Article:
The premise of Zeb Beck’s The Melancholy Strumpet Master is intriguing: By day, Gilmore Crowell works at a school for juvenile delinquents in California, but nights and weekends, he crosses the border to Tijuana where he’s trying to finish his doctoral thesis on street walkers.
After eight years of trying to finish his anthropology doctorate by interviewing prostitutes (and yes, he does sleep with a couple) and paying for their time, yet making little inroads into the community, Gil comes up with the idea of setting up a website for the women, as it is 2002, and the Internet is pretty new. Gil figures this would not only help them, it might earn their trust so he could finish his thesis, which he desperately needs to do or be forced out of the school.
In Gil’s own words: “It was not uncommon to fall short of the doctorate. A good many had. Armed with their master’s in archaeology or linguistics, they set off into the wilderness never to be heard from again…”
Beck is an adept storyteller with a droll sense of humor. Gil’s observations are entertaining and witty. For example, he describes his substitute teaching at the school this way: “As the school day wore on, he discovered that any moderately cunning imposter could pull off teaching high school English, especially to a room full of hooligans. It was not at all like economics or auto mechanics, in which the fraud would be readily exposed.”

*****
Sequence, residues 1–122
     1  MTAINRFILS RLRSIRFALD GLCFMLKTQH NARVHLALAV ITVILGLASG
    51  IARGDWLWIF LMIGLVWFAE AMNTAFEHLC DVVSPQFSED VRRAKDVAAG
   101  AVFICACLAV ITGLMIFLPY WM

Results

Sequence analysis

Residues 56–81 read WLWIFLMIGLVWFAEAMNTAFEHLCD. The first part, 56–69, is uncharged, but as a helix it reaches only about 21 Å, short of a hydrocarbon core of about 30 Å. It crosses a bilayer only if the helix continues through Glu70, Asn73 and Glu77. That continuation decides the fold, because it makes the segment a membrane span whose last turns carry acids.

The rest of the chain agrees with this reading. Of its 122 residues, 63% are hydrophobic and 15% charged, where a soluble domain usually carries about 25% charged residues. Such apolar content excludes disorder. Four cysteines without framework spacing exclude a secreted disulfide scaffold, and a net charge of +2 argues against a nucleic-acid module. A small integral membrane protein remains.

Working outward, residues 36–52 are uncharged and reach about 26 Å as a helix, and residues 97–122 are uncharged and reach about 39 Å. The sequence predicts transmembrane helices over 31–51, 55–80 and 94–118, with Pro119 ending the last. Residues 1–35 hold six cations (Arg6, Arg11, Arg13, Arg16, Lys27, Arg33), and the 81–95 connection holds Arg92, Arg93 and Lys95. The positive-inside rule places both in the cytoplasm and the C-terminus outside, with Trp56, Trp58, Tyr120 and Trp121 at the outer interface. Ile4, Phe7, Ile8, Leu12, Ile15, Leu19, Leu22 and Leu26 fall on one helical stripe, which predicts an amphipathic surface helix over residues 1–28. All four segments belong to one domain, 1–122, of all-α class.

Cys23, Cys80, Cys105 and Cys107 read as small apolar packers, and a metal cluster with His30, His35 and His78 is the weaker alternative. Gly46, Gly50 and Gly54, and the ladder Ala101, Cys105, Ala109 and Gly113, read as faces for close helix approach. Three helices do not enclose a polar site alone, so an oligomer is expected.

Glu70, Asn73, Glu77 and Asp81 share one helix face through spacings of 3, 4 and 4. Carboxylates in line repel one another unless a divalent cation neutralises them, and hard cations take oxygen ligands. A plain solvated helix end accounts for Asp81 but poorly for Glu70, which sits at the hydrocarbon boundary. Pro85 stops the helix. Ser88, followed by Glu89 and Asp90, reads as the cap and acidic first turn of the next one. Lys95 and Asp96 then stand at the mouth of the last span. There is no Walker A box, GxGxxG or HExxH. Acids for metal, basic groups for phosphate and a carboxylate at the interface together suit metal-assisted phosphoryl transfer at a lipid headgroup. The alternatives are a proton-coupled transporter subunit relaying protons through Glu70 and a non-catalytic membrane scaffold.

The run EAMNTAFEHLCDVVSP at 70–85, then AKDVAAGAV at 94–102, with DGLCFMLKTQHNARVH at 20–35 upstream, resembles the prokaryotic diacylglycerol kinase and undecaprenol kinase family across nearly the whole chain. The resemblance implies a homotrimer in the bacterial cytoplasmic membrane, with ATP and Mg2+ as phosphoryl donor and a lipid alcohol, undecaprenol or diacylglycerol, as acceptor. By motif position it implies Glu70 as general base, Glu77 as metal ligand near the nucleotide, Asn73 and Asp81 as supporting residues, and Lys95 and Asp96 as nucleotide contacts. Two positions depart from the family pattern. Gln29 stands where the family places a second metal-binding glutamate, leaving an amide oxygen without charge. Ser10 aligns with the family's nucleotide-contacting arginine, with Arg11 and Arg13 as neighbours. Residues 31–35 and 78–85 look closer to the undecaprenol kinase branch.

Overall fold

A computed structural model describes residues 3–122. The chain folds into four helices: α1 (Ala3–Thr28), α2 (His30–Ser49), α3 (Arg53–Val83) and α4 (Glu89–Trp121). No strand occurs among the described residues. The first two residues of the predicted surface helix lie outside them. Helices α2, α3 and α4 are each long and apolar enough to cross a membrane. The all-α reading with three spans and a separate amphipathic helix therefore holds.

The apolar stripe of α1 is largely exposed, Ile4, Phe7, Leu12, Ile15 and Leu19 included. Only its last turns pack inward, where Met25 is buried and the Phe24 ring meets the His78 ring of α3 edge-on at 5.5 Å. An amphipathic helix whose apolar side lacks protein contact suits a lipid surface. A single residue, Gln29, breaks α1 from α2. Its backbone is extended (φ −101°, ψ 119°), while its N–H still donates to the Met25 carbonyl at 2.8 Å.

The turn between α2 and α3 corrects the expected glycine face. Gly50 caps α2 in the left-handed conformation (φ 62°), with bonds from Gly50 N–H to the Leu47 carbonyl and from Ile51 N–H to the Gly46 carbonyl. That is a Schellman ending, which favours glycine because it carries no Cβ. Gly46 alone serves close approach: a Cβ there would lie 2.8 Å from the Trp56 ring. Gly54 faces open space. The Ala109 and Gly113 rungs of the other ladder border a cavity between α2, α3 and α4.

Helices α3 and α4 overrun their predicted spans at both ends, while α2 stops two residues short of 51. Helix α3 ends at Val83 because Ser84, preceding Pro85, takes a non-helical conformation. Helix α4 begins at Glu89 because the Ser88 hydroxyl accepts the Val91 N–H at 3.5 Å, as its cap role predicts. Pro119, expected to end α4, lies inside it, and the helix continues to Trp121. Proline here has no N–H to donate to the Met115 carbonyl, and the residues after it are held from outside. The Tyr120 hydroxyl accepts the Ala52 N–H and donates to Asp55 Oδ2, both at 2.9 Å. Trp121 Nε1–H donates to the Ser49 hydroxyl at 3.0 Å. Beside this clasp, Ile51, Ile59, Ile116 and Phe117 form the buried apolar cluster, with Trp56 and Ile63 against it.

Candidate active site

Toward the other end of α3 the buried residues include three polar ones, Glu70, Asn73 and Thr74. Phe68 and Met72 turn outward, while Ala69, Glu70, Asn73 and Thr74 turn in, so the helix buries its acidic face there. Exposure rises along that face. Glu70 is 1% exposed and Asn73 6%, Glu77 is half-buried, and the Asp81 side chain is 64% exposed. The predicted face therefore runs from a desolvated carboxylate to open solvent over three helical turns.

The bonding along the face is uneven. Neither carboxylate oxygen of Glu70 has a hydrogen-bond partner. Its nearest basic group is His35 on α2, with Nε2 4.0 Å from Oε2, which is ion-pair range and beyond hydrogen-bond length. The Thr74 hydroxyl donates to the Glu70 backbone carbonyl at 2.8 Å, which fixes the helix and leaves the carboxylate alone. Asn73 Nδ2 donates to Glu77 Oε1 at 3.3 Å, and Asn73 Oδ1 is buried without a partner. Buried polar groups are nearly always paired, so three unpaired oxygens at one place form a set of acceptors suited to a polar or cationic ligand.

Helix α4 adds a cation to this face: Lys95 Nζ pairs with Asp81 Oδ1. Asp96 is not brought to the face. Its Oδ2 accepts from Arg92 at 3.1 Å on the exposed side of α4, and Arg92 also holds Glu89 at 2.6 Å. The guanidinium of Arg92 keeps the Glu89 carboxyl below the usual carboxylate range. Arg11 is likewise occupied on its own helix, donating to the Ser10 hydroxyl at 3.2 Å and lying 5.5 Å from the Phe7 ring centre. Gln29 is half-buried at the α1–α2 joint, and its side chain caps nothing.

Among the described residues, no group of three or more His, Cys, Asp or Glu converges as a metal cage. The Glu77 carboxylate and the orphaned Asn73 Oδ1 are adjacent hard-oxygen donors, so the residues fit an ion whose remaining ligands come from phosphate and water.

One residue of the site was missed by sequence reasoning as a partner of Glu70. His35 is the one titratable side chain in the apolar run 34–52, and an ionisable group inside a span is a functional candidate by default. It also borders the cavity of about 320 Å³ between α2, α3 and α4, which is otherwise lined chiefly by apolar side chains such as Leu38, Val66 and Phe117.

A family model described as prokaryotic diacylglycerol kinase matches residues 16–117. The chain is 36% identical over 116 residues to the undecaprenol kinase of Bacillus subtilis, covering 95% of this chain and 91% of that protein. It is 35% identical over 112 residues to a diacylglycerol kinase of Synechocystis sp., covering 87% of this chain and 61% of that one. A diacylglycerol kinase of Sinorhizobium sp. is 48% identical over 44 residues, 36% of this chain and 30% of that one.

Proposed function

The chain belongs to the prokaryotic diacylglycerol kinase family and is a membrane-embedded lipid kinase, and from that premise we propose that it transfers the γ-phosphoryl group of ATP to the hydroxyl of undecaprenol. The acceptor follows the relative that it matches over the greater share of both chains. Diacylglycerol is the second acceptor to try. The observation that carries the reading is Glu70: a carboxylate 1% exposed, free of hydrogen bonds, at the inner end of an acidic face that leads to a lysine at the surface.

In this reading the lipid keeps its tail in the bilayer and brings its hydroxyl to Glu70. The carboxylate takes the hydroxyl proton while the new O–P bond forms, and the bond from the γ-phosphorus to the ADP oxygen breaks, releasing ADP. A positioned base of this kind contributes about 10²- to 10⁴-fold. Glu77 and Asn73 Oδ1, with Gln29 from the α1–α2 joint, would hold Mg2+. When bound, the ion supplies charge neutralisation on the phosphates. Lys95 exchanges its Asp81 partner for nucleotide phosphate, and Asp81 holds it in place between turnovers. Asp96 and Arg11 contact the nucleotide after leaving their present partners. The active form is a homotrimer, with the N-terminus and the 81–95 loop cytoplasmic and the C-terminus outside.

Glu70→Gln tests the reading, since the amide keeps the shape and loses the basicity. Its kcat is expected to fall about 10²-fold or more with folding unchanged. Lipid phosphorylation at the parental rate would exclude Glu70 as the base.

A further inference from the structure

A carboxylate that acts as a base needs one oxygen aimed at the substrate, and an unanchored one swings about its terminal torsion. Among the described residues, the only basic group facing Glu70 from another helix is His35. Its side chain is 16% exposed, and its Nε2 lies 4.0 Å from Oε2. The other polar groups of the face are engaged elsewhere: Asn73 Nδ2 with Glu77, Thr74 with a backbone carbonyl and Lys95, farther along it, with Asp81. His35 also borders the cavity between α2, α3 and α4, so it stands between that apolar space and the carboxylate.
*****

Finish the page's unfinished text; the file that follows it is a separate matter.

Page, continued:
Besides his humorous descriptions of the mundane and absurd things in Gil’s life, Beck is also skilled with dialogue. At one point, he tells Ava, a prostitute he’s developing feelings for: “Another problem,” he said. “Everything I’ve learned can be summed up in three pages. I need another two hundred.”
Readers who enjoy dark humor and unusual slice-of-life stories will enjoy Gil’s journey to finish his dissertation and discover that maybe there’s more to life than academia.